Originally published in the Vernon Morning Star, Dec. 2008
Gogos Revisited (Part 2 of 2)
by Susan Fenner
In my short two and a half week stay in Sabie, I’ve had some wonderful conversations with many African gogos (‘grandmothers’) as I delivered 26 letters from Vernon granny-partners. Grannies à Gogo: the Vernon – South Africa Connection wants to learn more about their personal circumstances, and I have been privileged to be let into their lives and homes.
At the age of 80 Emma Skosana has a pronounced shaking of her hands; “shivering” she calls it. But she comes to the Sitabogogo group every day because, as she says, “it makes my brain happy.”
Emma had three children, two of whom died in infancy, and her adult son died in his mid-forties of AIDS. She and her husband also adopted a baby girl, who is now grown and has a career as a nurse. Emma says of her adopted daughter, “God gave her to me to let my heart rest.”
For the first forty years of her life, they had their own brick house in a town some 50 km north of Sabie. In 1970, however, the government took their home and sent them away. I asked why, suspecting it had to do with the human rights abuses of the apartheid government of those times. Emma replied, “They put coloured people [mixed race and Indian] in that location, and all the Bantu [black] had to go away.”
Emma has a glass eye, the result of a car accident many years ago but she is not one to indulge in her infirmities. Recently, despite her one eye and obvious trembling, she’s taken up knitting. She is also a regular in the gogos’ vegetable gardens, plucking at weeds and wielding a watering can. In the midst of the garden she raises her voice in an African song, and the other women sing the response. She is clearly a respected elder among them who has known suffering, but is flourishing nevertheless, just like the garden.
My heart sings, too, to see so much progress since my last visit nine months ago. (See archived accounts of that visit at: https://granniesagogo.com/contact-us/personal/ ).
Where I saw only one fully producing garden previously, they now have five times that amount. Funds from Vernon have paid for additional garden tools and, recently, a small deep freeze to ensure that any surplus produce is not wasted.
I see the sewing group taking on challenging projects like English paper piecing. They have given me a number of their finished starburst patterns, each embroidered with the gogo’s name, to bring home. Members of our group will appliqué them to sewing projects which will, in turn, raise funds to be sent back to the gogos.
One of the gogos is a retired nurse, and now has set up a table in the corner of Ubuntu Centre to twice a week monitor their blood pressure and blood sugar, and makes referrals to the hospital when needed.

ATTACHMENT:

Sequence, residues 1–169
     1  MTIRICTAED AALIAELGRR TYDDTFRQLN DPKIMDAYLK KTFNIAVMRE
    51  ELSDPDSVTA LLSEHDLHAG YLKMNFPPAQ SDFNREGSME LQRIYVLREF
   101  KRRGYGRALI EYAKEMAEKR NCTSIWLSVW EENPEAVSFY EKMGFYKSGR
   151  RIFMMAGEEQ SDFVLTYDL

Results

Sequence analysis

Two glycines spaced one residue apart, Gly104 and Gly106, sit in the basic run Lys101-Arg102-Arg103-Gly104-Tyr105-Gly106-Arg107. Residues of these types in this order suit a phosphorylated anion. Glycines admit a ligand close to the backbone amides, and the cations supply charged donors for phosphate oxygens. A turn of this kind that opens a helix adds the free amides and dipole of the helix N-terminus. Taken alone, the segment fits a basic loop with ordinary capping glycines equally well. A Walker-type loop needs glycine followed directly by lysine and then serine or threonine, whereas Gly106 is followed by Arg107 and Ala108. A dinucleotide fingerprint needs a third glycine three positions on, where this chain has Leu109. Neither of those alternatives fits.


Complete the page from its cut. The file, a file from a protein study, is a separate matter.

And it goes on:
Sitabogogo has come together as a solid group, where previously they were isolated in their own small spaces with big worries.
· They learn and share together: new sewing, gardening, and baking skills, and new songs. I had great fun teaching them “This Land is Your Land” with a few alterations to include South African place names (“from Pretoria, to Robben Island . . .”). Within 20 minutes they were singing it with gusto.
· They comfort each other: hospital visits to sick members, and home visits to pray with bereaved gogos. Their diverse beliefs sustain them in their adversity.
· They have fun together: they practiced for and organized a soccer and netball tournament for themselves, complete with a brass band and their grandchildren as cheerleaders. Next they are planning a fashion show using their new sewing skills and donated fabric.
· They’ve had various guest speakers educating them in the care of HIV+ grandchildren, on voter registration, on money management, to name a few. While I was there they had a session on women and children’s rights against abuse, and I attended a World AIDS Day rally with them on Dec.1st.
My last day coincides with their Christmas party – singing, praying, speeches, performances by the grandchildren. Today Sitabogogo also knows how to celebrate together! One hundred gogos party indoors while the children have their party outside, and an African Father Christmas does double duty handing out a gift to each as well as food parcels.
The 100 calendars I distribute from Grannies à Gogo are a huge hit. The calendars are each personally signed by a Vernon area donor, and the gogos love all the photos. When they profusely thank me I make sure they understand that there are 150 members in Vernon who raise funds and love them, supported by a whole community.
I depart with a Christmas wall hanging, a gift from gogo Beauty Manzini to Grannies à Gogo. It represents their expression of thanks and love, but wrapped up in it is, oh, so much more . . . their new skills, their new sense of hope in their future, their intangible improvement of quality of life. It is a magnificent gift indeed.
Susan Fenner is a retired teacher who lived and volunteered in Sabie, South Africa from 2001 to 2005. Grannies à Gogo: the Vernon – South Africa Connection is available for 20 minute power-point presentations to interested groups. Visit their website at: www.granniesagogo.com